The two Latter-day Saints who will be calling the shots on opposite sidelines for their respective college football squads on Sept. 7 share much in common.
Both Brigham Young University head coach Kalani Sitake and Navy head coach Ken Niumatalolo (a.k.a. Annapolis Maryland Stake President Niumtalolo) are fun-loving family men and returned missionaries. Both are ultra-competitive former college players who established their coaching bona fides in the assistant ranks before taking over Division 1 programs. And both proudly share a rich Polynesian heritage.
And here’s one more similarity between Coach Sitake and Coach Niumatalolo: Both have been featured in Church News cover stories.
From his football office overlooking Spa Creek in 2017, Niumatalolo discussed his gospel-driven coaching career. And earlier this year, Sitake spoke with the Church News about the growing visibility of Latter-day Saint college football coaches and preparing for the 2020 season during the ongoing pandemic.
Connections between the BYU and Navy programs extend beyond the Church membership of their respective head coaches. Navy assistant coach Joe DuPaix — who presides over the Naval Academy’s Latter-day Saint branch — was the Cougars’ recruiting coordinator and running backs coach for two seasons (2011-2012). And Niumatalolo’s son, Va’a, is a former BYU linebacker.
“Navy plays great football and we have the utmost appreciation and respect for all of the sacrifices the members of the military academies make on all of our behalf,” said Sitake on Thursday in a BYU statement. “Ken (Nuimatalolo) is a great football coach and a personal friend who I have known since I was young and always admired both as a person and as a coach. We are looking forward to the matchup.”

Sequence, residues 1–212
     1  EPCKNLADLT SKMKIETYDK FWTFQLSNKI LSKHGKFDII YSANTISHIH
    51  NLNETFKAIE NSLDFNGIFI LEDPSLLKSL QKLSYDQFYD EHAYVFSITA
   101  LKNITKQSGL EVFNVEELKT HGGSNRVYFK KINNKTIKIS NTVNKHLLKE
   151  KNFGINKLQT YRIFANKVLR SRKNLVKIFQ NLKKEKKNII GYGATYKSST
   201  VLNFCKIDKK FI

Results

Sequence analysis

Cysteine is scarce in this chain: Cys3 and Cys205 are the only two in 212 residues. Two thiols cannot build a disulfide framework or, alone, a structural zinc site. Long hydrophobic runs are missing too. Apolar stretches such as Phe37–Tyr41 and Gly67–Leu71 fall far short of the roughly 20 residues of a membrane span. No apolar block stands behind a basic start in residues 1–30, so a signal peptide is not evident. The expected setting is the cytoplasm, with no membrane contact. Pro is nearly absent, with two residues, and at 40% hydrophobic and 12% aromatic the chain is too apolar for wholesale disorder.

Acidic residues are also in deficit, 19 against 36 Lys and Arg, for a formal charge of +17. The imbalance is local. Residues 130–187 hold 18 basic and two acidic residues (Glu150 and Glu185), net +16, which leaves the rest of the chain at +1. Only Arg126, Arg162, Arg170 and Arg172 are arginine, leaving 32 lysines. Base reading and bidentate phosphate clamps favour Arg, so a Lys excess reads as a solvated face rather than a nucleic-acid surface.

Naval Academy Director of Athletics Chet Gladchuk shares Sitake’s excitement for the Sept. 7 nationally televised game at Navy-Marine Corps Memorial Stadium.
“We have created an exciting and anticipated matchup in Annapolis with one of college football’s storied programs in BYU,” he said in a statement. “This game will bring great national exposure for the Naval Academy, Annapolis, our state and Navy football. Although attendance in our stadium will be regulated and greatly reduced with fan welfare and social distancing guidelines in effect, a national television audience will enjoy watching two of college football’s most storied programs kick off the season in a primetime environment.”
The Labor Day game will mark the third meeting between BYU and Navy. The two teams met in the inaugural Holiday Bowl in 1978, with Navy coming away with a 23-16 victory. BYU gained revenge in 1989 when the Cougars traveled to Annapolis and won 31-10.
The Cougars and Midshipmen will also participate in the first true night game at Navy-Marine Corps Memorial Stadium since 2005.
Navy will play a return game in Provo, Utah, at a date and time to be determined, according to the Academy.